Good Enough Quick Fixes to Keep Your Business Financially Solvent Until Next Month
The DC area has yet to see the downward trend in new COVID-19 cases that the governments of Maryland and DC need to see before they can lift the stay-at-home orders, but the live updates from the Washington Post make it clear that reopening the DMV region is on everyone’s minds. LaQuandra Nesbitt of the DC Department of Health announced that it will probably be two to three months before businesses in DC can reopen. Small business owners in the DMV area are in survival mode as their plans for the near future are so uncertain. Right now, your goal is to ensure that your small business has enough funds to last until the government of DC says it is legal for your company to resume its normal business operations. A Washington, DC business law attorney can answer your questions about sources of funding, the enforceability of agreements, and other concerns related to keeping your small business afloat during the COVID-19 pandemic.
Don’t Hold Your Breath Waiting for Stimulus Loans
On paper, the federal government’s concessions to small businesses as part of the coronavirus stimulus program seem great, but actually accessing the funds is no mean feat. The first round of small business funding ran out or got lost in a maze of glitches before most small business owners in the DC area could even click a link to apply for it. These are some suggestions from CNBC Make It about how your small business can get by until DC lifts the stay-at-home orders:
- Reduce your expenses and overhead. Don’t order any more inventory until DC reopens. If your store has closed, turn off the electricity and water for the next few months so you don’t have to worry about those bills.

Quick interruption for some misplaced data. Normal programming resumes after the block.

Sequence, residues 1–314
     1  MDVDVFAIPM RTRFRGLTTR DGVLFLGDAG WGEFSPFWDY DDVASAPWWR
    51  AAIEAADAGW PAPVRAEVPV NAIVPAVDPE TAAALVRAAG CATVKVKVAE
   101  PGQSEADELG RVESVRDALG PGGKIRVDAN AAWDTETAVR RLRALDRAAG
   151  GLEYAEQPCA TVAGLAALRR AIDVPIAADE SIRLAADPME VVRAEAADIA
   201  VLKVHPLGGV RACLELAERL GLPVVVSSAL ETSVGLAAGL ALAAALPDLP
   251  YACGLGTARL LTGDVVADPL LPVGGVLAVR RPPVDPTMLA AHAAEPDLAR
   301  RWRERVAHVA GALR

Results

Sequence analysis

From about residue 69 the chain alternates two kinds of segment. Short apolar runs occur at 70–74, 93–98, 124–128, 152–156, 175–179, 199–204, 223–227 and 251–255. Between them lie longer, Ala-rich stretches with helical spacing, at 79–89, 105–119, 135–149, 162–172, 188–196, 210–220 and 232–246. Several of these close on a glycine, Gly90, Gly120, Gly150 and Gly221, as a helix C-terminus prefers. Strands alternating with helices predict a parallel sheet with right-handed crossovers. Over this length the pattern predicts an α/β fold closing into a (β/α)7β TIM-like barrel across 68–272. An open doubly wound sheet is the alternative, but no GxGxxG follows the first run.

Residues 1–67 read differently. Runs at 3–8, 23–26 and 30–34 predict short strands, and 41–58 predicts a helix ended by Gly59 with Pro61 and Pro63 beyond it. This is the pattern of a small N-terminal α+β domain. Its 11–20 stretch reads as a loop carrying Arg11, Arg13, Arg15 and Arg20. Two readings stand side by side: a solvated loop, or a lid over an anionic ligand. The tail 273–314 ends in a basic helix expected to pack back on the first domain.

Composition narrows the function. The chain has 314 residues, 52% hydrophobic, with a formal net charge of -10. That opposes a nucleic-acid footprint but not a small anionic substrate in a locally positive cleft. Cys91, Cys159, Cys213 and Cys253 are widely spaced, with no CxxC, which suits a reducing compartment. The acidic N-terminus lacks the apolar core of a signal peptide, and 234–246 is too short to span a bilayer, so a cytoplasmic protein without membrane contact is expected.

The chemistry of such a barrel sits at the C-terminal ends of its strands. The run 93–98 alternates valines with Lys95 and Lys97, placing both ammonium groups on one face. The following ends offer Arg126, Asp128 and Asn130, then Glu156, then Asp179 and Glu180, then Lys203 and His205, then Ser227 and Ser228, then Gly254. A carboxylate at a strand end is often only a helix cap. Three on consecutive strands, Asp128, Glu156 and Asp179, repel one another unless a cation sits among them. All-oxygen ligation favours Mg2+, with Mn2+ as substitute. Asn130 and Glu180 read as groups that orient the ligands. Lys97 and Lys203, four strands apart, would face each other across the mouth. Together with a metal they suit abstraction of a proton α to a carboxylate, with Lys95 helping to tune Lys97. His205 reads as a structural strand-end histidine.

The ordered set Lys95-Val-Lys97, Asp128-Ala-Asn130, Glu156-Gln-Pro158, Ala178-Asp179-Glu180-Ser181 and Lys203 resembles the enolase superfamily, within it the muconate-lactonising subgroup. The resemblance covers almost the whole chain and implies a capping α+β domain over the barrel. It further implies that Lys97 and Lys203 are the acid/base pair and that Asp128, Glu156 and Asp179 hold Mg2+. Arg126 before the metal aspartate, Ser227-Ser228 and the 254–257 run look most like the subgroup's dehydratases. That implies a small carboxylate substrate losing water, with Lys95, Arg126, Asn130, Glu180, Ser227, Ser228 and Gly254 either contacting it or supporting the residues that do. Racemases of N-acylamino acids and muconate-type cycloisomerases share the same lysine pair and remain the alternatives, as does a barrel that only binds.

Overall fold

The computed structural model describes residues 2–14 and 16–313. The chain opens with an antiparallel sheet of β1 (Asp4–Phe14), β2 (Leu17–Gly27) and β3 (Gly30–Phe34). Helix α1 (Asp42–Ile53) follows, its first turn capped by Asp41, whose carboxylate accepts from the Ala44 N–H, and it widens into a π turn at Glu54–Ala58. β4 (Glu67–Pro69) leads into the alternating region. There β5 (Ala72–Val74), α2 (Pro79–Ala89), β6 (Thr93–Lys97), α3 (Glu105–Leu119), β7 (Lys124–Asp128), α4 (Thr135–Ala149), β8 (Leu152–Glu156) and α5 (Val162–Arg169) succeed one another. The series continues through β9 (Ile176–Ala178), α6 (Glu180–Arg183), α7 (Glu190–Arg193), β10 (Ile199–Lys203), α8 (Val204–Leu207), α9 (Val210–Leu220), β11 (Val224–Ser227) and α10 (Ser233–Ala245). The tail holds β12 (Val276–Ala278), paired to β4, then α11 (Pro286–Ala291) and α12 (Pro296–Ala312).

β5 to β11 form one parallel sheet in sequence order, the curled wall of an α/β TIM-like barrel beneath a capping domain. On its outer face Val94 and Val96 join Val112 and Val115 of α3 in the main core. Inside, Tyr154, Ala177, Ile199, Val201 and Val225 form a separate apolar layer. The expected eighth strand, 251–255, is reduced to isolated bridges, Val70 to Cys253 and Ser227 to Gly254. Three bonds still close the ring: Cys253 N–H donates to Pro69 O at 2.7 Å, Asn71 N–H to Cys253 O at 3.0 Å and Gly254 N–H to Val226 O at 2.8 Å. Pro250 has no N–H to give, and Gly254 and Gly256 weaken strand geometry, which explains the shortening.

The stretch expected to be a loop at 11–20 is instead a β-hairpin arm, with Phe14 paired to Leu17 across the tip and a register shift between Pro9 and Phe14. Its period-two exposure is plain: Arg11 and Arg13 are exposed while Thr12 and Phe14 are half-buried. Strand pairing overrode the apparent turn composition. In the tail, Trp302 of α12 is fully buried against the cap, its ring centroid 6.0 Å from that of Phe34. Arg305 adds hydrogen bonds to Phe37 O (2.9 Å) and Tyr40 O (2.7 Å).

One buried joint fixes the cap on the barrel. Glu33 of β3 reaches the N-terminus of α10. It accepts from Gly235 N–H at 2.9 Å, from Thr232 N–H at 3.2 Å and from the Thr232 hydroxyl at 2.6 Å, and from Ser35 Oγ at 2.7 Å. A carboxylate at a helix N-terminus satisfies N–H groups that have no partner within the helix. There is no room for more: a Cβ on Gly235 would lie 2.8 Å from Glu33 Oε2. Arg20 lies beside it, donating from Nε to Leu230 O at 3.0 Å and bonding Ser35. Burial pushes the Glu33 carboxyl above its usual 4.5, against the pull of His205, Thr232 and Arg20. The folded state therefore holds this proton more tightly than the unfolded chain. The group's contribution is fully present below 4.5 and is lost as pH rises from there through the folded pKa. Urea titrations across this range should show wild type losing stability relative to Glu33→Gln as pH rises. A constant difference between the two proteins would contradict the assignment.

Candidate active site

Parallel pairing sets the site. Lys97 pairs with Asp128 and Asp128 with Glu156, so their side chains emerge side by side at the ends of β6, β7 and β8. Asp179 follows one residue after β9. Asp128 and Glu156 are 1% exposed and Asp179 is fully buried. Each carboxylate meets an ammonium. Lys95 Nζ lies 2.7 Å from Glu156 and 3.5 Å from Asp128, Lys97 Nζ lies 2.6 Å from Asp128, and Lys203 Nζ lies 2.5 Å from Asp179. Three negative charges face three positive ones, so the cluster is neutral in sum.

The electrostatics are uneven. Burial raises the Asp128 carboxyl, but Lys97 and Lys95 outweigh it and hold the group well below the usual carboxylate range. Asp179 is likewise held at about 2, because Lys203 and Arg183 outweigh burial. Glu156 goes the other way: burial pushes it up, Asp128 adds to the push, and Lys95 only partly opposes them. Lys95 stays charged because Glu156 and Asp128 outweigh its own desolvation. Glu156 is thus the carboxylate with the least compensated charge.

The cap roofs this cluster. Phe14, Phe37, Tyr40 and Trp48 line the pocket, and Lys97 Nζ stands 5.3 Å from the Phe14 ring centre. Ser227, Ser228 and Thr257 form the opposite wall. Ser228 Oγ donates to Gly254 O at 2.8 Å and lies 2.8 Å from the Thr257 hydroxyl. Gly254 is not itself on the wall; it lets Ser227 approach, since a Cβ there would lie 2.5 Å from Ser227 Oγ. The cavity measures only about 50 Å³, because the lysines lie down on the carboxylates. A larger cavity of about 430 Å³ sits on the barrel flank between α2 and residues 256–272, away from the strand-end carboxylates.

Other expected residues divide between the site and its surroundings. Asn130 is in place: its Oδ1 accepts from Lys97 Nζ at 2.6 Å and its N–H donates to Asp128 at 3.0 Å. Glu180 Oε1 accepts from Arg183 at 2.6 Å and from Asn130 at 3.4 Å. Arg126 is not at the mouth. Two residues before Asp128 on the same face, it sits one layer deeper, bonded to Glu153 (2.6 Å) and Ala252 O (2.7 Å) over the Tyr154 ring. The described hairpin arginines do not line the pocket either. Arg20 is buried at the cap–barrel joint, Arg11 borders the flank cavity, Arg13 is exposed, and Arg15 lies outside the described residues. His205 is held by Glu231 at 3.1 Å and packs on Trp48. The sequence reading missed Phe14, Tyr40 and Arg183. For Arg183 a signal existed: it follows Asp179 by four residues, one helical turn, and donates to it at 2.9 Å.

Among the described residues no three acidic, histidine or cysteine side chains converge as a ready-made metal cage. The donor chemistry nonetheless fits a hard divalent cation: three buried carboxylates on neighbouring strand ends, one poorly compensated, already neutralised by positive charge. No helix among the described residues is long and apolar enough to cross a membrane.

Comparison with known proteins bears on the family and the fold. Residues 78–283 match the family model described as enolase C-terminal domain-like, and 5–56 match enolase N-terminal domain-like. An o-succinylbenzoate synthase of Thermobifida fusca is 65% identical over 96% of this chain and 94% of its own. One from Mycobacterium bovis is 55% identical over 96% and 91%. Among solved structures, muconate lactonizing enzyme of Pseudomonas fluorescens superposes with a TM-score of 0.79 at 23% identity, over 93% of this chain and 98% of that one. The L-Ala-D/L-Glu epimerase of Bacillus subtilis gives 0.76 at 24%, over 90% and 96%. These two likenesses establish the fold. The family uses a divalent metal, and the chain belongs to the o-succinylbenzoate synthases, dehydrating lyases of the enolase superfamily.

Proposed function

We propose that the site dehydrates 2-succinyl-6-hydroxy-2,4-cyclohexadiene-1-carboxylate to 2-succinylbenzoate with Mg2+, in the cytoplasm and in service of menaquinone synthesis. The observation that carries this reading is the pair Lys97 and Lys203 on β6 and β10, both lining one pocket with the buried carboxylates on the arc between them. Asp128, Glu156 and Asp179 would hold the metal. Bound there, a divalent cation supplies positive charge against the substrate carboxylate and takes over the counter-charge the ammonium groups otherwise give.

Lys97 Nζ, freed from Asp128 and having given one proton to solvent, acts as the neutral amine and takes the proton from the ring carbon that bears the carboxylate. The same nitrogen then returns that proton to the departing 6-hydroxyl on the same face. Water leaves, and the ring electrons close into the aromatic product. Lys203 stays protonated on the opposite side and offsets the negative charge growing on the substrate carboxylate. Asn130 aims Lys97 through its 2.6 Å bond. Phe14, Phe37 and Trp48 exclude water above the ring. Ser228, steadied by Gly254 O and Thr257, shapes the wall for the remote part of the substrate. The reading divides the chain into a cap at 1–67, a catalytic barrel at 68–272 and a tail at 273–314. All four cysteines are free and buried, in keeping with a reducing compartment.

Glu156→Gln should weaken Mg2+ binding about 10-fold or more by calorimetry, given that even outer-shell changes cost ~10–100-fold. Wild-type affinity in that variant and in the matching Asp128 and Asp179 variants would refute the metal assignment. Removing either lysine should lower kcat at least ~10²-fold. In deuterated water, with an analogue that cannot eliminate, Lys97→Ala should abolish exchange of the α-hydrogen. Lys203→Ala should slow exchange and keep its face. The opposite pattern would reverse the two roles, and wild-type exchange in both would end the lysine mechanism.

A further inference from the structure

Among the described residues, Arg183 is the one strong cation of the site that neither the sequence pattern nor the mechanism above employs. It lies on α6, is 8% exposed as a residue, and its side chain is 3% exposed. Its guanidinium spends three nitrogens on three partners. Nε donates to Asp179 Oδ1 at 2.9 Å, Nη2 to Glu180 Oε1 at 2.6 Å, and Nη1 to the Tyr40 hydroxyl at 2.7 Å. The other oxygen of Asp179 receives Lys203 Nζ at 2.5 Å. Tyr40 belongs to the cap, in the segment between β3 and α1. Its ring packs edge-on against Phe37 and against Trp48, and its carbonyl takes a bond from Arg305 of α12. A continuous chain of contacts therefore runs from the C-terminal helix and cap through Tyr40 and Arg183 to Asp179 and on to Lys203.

- Contact everyone to whom your company owes money and ask about deferring payments, whether through a formal or informal agreement.
- If you have available credit, use your personal credit cards to pay business expenses that you cannot defer.
- If you own a house, take out a home equity loan.
- Seek financial assistance from anyone who might be able to give it to you, whether in the form of a gift or a loan. The annual gift tax exclusion means that, in 2020, any individual can give you a cash gift of up to $15,000, tax free for all parties involved. Even if you would have balked at the idea of asking your parents or in-laws for money before the COVID-19 crisis hit, it might be the thing that keeps you from going out of business.
- File for chapter 11 bankruptcy, in which your business can keep operating, but it must adhere to a debt repayment plan.
Some of these are desperate moves that could be costly in the long term, but these are desperate times. It is a good idea to discuss them with your lawyer before you enter into any new agreements or modify existing ones.
Let Us Help You Today
A small business lawyer can be your lifeline during the economic fallout of the COVID-19 pandemic. Contact the Washington DC small business law attorneys at Tobin, O’Connor & Ewing for help today.